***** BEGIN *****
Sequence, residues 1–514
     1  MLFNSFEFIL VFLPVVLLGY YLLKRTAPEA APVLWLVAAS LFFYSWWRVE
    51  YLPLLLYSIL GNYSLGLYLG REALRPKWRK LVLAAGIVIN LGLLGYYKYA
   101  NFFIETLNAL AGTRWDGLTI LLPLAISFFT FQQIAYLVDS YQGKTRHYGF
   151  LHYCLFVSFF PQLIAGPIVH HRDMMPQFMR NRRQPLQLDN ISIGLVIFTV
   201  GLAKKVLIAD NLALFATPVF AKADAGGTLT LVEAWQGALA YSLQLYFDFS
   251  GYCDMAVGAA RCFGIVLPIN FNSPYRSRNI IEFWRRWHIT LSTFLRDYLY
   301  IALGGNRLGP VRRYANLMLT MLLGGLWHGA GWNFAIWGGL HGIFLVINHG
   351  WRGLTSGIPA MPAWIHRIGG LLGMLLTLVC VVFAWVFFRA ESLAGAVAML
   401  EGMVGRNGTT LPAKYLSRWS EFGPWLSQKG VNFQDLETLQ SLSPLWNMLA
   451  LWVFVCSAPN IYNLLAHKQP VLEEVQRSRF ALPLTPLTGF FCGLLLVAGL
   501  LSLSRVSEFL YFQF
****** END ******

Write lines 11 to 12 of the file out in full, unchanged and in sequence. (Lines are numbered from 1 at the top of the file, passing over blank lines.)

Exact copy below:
   451  LWVFVCSAPN IYNLLAHKQP VLEEVQRSRF ALPLTPLTGF FCGLLLVAGL
   501  LSLSRVSEFL YFQF